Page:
Wednesday, July 7, 2010

Guest Dandy: John E. Sheridan & The American Collegiate Ideal

Several weeks ago we were contacted by Richard Cellini who had discovered our post on the 1916 Hart Schaffner & Marx Style Book, and offered to buy it from us.  Richard has been in the process of curating a collection of work of the illustrator John E. Sheridan to be donated to Georgetown University, of which both gentlemen share as their Alma Mater.  Sheridan's illustrations were featured in our style book.  We proposed a trade: We would provide the desired style book in exchange for a guest post featuring Sheridan's work.

John E. Sheridan (1880-1948) was a well-known American illustrator during the “Golden Age of Illustration” (1900-1950). As an artist and commercial illustrator, Sheridan was romantic and idealistic – a trait he shared with J.C Leyendecker, Edward Penfield, Samuel Nelson Abbott, and other major illustrators of the period. Sheridan spent his entire career painting and drawing idealized images of privileged, graceful and beautiful young men and women wearing costumes and engaging in social and sporting activities typical of the American upper-classes of early 20th century. Even Sheridan’s private sketchbook (from his days as an art student in Paris from 1920-23) demonstrates his nearly all-consuming interest in this subject.

Today, Sheridan is considered one of the originators of an aesthetic known as the “American collegiate ideal” -- an approach that still has resonance in commercial illustration and photography today (including images associated with GQ, Polo Ralph Lauren, Brooks Brothers, and Abercrombie & Fitch).

As a professional illustrator working primarily in New York City, Sheridan created more than 50 full-color cover illustrations for major periodicals of note, including: The Saturday Evening Post; The American Magazine; Collier’s; and The San Francisco Chronicle Sunday Supplement. In addition, he created richly illustrated advertisements for Edison Phonograph; Hart Schaffner & Marx; DuPont Automobiles; Chesterfield Cigarettes; and Bosch Magneto Corporation. In an era before television, color cinema, or the widespread use of color photography, John E. Sheridan helped supply the nation with an enduring image of youthful elegance and grace.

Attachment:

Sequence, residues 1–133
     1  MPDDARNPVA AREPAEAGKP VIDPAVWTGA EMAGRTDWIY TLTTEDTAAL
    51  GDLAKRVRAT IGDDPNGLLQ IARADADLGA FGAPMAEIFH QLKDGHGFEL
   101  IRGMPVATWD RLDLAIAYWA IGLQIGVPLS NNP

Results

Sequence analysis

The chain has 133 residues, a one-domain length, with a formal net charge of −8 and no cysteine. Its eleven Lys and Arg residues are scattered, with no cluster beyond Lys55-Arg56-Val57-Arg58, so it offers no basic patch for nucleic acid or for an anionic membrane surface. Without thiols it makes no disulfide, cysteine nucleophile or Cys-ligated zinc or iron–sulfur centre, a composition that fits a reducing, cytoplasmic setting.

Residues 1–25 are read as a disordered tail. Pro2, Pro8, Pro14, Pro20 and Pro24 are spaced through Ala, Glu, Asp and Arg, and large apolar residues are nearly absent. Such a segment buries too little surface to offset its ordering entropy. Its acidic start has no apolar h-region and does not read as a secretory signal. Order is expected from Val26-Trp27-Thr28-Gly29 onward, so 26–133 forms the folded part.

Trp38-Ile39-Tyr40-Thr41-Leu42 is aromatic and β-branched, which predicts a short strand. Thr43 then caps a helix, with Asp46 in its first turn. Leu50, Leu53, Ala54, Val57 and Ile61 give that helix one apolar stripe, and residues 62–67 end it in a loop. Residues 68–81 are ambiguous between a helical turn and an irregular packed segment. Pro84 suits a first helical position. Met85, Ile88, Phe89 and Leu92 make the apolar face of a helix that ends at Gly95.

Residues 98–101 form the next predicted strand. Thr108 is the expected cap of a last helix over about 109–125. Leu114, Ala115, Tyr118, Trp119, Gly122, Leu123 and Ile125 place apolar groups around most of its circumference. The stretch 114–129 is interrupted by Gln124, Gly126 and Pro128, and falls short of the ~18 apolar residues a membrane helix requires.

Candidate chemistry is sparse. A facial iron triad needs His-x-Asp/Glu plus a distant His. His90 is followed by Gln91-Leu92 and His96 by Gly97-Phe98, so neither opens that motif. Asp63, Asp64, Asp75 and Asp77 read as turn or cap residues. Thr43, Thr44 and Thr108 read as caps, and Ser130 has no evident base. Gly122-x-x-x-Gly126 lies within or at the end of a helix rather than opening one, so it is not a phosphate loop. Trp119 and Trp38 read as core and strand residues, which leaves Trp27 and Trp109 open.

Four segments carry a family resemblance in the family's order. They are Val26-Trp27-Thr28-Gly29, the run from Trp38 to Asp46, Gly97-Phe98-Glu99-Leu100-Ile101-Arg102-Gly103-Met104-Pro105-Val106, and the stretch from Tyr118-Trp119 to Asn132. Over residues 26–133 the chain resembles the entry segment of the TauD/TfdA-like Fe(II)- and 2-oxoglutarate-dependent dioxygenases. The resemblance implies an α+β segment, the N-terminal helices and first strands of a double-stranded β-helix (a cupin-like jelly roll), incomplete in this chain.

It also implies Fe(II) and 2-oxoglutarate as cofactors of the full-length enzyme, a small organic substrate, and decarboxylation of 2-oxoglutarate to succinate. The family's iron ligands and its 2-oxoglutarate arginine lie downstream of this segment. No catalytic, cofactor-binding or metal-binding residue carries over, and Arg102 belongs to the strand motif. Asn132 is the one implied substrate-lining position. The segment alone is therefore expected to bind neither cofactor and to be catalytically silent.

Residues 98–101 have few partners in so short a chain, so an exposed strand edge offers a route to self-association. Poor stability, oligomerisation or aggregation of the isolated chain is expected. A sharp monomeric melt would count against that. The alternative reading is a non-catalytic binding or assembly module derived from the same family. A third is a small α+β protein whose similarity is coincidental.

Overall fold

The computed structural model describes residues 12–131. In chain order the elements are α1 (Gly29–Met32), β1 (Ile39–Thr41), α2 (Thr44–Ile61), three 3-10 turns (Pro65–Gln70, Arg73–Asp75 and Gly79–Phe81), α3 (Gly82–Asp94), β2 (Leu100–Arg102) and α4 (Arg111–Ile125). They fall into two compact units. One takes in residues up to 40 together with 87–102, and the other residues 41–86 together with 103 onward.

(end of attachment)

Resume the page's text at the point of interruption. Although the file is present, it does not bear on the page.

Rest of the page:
Sheridan was a 1901 graduate of Georgetown University in Washington, DC. While at Georgetown, Sheridan created a number of illustrations for various Georgetown publications, student societies, and events. Among other things, he drew a number of splendid posters for Georgetown athletic events and teams (primarily baseball, football, and track & field). His 1948 obituary in The New York Times credited Sheridan with "the idea of using posters to advertise college sports" (a distinction he must share with Bristow Adams and Edward Penfield). The Times also noted that Sheridan "was active during World War One in the making of patriotic posters, and was a member of the [WWI] artist's committee headed by Charles Dana Gibson."

Sheridan's collegiate posters are very distinctive, and much admired at Georgetown even to this day. Indeed, Sheridan is recognized as having created an ideal of the “Georgetown man” that still has great cultural power and force at the University more than 100 years after his graduation. Georgetown University’s Lauinger Library (Special Collections Division) is today recognized as possessing the largest and deepest collection of the works of John E. Sheridan.

From Sheridan’s private sketchbook:

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Rose said...

This is amazing! I love the ones from his private sketchbook the best.

Brummagem Joe said...

These illustrations are fantastic. I've come across them from time to time and wonder if they are available in a book. If not why not. Perhaps it would be worth collating them and other illustrators from the said golden age into a volume. It sounds like a Rizzoli enterprise to me. said...

Joe, we'd buy that book!

designerman said...

Amazing! Thanks for posting these.

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